Opinion

What does philanthropy look like in the middle of a pandemic?

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November 30, 2020

By Laura Rossi–

With the giving season officially underway and Giving Tuesday on December 1st fast approaching, the question looms large. For the wealthy, it may mean some changes around the edges but, overall, those who have given generously over the years have continued to do so. Major donations to large charities remain strong. But what does philanthropy look like for everyone else when budgets are tight, workers are furloughed, and savings are under pressure?

Community foundations like the Westchester Community Foundation, which was founded more than 45 years ago to improve the quality of life through philanthropy in Westchester County, are in a unique position to respond to local needs by connecting donors to causes. But so many donors in our communities wonder if they can afford to give during these uncertain times. They know that government has helped some, but so much has fallen through the cracks.

Yet even during this pandemic, people come to us at the Westchester Community Foundation asking, “Where is the greatest need, and how can I help?”

We tell them that our foundation welcomes every gift to support many active community funds that support those in need. By combining donations‒however small or large‒we have greater impact.  Of course, there are tax benefits associated with charitable giving. But our donors tell us they find more satisfaction knowing their gift may go toward childcare expenses for a frontline worker, tech support for a nonprofit, or emergency cash assistance for a family.

One example is the response we received to an appeal for our COVID-19 Response Fund. Donations ranged from $5 to $1 million and totaled $2 million to assist scores of local organizations providing key support services and meeting important county needs as outlined in the graphs here on the funds allocated thus far.

One recipient of our COVID-19 Respond Fund grants was the Long Term Care Community Coalition, led by Executive Director Richard Mollott, which works to improve the quality of care and life in congregate care settings like nursing homes. The Coalition used $14K in grant dollars to help highlight the needs of residents living in isolation to their families.  Another recipient of our donations was the Housing Action Council in Tarrytown, led by Rose Noonan, which increases and improves housing opportunities for low- and moderate-income households and populations with special needs. The Council used $14K in grant money to upgrade their technology to facilitate council staff working remotely in order to continue addressing county housing needs.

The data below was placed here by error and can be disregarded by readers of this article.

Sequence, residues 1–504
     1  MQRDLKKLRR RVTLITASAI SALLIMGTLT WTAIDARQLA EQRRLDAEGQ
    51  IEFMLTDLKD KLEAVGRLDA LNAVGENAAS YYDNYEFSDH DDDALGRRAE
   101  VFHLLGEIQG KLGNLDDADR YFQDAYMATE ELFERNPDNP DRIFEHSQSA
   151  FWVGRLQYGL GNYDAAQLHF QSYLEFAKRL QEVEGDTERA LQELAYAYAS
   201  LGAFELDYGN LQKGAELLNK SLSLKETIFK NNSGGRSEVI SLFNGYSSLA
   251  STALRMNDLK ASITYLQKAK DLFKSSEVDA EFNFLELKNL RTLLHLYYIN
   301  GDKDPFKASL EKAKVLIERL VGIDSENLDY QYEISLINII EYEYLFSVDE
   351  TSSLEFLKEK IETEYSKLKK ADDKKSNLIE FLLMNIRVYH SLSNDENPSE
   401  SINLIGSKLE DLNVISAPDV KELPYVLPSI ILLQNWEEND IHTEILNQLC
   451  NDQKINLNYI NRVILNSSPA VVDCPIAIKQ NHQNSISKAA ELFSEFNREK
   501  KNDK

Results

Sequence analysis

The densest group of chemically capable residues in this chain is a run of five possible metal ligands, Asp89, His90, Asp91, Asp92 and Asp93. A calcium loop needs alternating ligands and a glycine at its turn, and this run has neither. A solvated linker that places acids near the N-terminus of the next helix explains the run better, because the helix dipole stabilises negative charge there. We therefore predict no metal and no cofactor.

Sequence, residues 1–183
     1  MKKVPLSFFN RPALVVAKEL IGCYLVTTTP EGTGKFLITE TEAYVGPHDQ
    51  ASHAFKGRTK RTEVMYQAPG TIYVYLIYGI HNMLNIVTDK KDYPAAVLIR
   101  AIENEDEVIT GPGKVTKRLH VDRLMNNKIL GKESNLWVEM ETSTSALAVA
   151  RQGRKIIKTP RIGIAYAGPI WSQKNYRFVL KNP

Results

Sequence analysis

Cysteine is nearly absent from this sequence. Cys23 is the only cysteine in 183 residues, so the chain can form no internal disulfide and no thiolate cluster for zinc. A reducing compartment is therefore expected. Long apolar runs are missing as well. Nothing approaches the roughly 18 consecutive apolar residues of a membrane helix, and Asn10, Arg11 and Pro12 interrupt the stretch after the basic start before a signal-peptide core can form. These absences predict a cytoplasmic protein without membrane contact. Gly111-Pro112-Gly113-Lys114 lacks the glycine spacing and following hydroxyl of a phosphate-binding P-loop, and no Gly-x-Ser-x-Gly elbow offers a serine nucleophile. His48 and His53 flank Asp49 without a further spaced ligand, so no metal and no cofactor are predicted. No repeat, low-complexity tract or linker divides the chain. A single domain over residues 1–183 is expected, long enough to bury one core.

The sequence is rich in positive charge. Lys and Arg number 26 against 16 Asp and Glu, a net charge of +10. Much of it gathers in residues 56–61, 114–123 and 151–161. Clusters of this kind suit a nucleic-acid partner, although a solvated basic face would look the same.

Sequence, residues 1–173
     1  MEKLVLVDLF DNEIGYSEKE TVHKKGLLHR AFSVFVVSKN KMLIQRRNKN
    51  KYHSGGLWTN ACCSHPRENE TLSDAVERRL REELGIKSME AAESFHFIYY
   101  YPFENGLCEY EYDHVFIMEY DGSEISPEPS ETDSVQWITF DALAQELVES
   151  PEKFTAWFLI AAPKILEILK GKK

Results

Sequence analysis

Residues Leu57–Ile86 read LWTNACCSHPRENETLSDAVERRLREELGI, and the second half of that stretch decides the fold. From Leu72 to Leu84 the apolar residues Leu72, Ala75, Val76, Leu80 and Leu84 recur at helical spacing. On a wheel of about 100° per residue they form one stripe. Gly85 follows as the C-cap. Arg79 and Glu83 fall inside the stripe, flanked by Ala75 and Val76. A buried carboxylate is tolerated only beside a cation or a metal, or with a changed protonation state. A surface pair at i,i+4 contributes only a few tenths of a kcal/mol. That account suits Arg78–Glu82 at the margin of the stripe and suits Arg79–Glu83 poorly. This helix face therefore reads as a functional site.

Our foundation also invests time in educating the community about giving through important virtual forums. For example, we recently held a virtual conversation on Madam C. J. Walker (1867-1919), a successful entrepreneur, millionaire, and smart, effective philanthropist who made her home in Irvington-on-Hudson, just north of New York City. Madam Walker, the daughter of slaves, was born free. Orphaned young, married and widowed young, a single mother and poor during the Jim Crow era, her options as a black woman were notably limited. Yet, with the support and guidance of black women in churches and civic organizations, she eventually launched a national beauty and hair care business. She did not focus solely on the bottom line. Rather, she encouraged her sales agents to contribute to charity to uplift their race and to benefit the community. She provided careers for thousands of African American women. In addition, she personally supported the causes and organizations that helped her on her path to success.

What is worth noting about Madam Walker’s story is that she did not wait until she was wealthy to give back. She gave what she could ‒ her time, talent, and resources ‒ when she could. She is a great role model for so many at this time.

As the Covid-19 pandemic continues to take a toll on families, businesses, and communities, it is important that we recognize that we can make a meaningful difference in more people’s lives if we work together. After all, everyone can be a philanthropist, especially during a pandemic. To learn how to help or make a donation, visit https://www.wcf-ny.org/.

 

Laura Rossi is Executive Director of the Westchester Community Foundation, a philanthropic nonprofit that works to improve the quality of life for all in Westchester County.

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